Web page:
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RE: ACTION-115: Note on proxy graph URI

From: Seaborne, Andy <andy.seaborne@hp.com>
Date: Sun, 11 Oct 2009 19:59:53 +0000
To: Kjetil Kjernsmo <kjetil@kjernsmo.net>, "public-rdf-dawg@w3.org" <public-rdf-dawg@w3.org>
Message-ID: <B6CF1054FDC8B845BF93A6645D19BEA3693F7D3979@GVW1118EXC.americas.hpqcorp.net>
Good questions to bring out assumptions ...

> 1) The HTTP Update protocol is required to be RESTful. (+1, yes; 0,
> preferred, but not required; -1, it could be anything)

REST is a style (abstract architecture) with principles.  It's not really something that you can always say "yes" or "no" to in every case - some things are clearly not RESTful, some things clearly are, lot of a lot of things are grey and it depends on who you ask.

I don't see how we can "require" it.  Rather, take the principles and makes a concrete design that addresses the usage we want to cover.

> 2) The protocol must specify how to use POST, PUT, GET and DELETE on a URI
> identifying information resource graph. (+1, yes, required; 0, optional;
> -1, WG shouldn't spend time on it)

I believe that the update protocol is simply using the correct meaning of the verbs PUT, GET and DELETE as defined by RFC 2616 in the context of RDF graphs held in a graph store/update service [*].

In the case of POST, which is too broad to defined enough to fix the meaning here, and we apply a specific meaning to the verb but it is completely inline with the definition in RFC 2616.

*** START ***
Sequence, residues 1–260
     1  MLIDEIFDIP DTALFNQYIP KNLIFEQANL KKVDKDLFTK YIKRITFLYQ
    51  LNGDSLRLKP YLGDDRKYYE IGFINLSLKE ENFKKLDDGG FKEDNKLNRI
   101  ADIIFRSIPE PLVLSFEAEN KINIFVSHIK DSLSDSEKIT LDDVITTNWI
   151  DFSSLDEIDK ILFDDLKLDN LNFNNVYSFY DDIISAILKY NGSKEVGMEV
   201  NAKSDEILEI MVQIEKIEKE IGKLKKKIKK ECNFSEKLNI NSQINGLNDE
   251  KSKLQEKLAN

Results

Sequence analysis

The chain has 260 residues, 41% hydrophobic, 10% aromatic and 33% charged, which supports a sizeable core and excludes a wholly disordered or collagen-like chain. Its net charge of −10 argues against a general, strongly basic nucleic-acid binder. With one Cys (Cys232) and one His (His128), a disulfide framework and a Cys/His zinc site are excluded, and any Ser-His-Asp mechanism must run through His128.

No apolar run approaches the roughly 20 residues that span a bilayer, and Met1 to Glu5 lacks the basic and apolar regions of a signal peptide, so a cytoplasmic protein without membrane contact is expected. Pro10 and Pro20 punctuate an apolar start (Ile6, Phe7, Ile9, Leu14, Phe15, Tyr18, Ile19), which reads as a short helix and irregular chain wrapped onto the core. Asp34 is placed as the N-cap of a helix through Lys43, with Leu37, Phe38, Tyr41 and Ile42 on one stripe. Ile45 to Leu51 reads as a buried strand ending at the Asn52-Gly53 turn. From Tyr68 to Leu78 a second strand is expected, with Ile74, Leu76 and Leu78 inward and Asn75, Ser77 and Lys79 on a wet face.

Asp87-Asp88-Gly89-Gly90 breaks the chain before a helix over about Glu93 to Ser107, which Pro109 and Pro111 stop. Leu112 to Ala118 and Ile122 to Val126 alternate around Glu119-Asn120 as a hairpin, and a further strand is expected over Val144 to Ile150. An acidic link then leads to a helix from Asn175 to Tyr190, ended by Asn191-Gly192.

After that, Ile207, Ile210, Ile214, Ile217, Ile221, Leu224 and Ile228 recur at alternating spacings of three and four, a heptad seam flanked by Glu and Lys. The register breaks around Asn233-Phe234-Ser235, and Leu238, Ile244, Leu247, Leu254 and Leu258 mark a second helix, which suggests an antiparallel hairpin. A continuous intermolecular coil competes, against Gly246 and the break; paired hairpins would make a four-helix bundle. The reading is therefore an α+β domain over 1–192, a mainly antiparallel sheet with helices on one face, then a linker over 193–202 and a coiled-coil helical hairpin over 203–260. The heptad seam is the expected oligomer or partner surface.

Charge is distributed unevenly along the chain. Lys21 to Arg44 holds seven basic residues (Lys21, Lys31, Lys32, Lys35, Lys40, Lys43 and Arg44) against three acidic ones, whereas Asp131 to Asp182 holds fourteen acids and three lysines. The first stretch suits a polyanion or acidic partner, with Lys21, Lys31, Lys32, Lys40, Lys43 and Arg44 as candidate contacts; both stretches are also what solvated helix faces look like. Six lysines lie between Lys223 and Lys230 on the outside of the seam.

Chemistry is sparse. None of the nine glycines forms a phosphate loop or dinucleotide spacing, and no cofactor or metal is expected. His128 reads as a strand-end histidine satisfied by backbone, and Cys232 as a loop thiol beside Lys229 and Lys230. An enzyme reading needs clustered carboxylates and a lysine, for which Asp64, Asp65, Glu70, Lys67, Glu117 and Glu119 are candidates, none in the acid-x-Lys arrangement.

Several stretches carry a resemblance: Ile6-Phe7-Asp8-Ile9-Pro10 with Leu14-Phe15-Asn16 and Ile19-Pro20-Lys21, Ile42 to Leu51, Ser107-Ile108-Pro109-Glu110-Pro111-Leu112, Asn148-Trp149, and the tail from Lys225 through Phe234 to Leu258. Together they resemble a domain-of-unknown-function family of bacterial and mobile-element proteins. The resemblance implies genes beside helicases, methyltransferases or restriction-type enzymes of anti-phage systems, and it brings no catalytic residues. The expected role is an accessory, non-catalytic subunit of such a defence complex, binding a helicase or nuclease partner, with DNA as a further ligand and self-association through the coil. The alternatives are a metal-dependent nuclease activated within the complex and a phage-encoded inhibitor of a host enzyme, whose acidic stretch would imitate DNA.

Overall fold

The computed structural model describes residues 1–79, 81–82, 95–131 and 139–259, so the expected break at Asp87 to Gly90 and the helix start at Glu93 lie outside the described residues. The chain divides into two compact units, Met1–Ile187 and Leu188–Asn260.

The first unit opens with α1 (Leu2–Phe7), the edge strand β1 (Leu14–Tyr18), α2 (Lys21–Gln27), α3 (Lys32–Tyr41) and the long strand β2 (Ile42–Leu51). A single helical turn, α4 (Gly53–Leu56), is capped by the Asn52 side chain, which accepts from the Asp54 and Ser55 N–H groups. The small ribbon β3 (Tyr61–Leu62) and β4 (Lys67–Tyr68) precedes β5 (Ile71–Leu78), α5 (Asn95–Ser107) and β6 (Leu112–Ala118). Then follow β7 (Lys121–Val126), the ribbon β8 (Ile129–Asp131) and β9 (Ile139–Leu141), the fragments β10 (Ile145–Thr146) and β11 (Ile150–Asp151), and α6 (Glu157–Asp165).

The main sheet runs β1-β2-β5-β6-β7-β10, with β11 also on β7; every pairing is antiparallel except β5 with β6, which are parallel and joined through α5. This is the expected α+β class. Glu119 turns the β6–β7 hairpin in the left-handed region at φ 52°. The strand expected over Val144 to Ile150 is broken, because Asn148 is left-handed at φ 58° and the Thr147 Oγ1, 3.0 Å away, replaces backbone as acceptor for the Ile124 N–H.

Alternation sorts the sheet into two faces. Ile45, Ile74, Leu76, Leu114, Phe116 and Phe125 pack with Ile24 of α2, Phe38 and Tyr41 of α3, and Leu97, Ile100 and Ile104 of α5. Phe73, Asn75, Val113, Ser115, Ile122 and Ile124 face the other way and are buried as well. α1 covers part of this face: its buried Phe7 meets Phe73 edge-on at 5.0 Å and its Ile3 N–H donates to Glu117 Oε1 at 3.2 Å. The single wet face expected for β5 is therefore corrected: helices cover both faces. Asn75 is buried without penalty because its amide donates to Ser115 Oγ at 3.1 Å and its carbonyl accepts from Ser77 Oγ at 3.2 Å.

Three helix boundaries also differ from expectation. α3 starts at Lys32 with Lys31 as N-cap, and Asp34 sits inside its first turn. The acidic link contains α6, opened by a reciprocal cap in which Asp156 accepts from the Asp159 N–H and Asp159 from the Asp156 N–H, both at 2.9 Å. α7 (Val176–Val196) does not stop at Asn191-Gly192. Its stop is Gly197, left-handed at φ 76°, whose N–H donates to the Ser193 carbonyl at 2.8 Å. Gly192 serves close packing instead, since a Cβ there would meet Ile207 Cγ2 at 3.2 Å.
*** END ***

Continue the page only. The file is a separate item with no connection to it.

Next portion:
I'd rather say "will show" than say "must specify".

> 3) The protocol must specify how to use manipulate a graph with a proxy
> graph identifier. (+1, yes, required; 0, optional; -1, WG shouldn't spend
> time on it)

I don't like the term proxy because:

A/ (minor) "proxies" in HTTP occur in a lot of places so it's a bit overloaded 

B/ Having two names for the same thing is just something that happens on the web. Both names have the same status. 

It's the same graph, accessible through a different name.  Each name is as valid as the other and one is not a second class name; "proxy", for me, sort of implies it's not a first class name.  

Actually, let's be realistic, a common case is going to be that it's a copy of the graph stored under the URL used to GET at some point in time, and so the http://service/graphURL is referencing that (or http://service/?graph=url - URIs are opaque, ?query=SELECT returns a representation of a result set).

A name of the graph in the dataset is also (the encoding of):

http://host/service?query=CONSTRUCT { ?s ?p ?o { GRAPH <uri> { ?s ?p ?o } }

I could see the Request-URI as a sub-resource of the service [*] endpoint referring to that graph.


[*] update service / graph store, depending on how that terminology works out.

Received on Sunday, 11 October 2009 20:01:34 UTC

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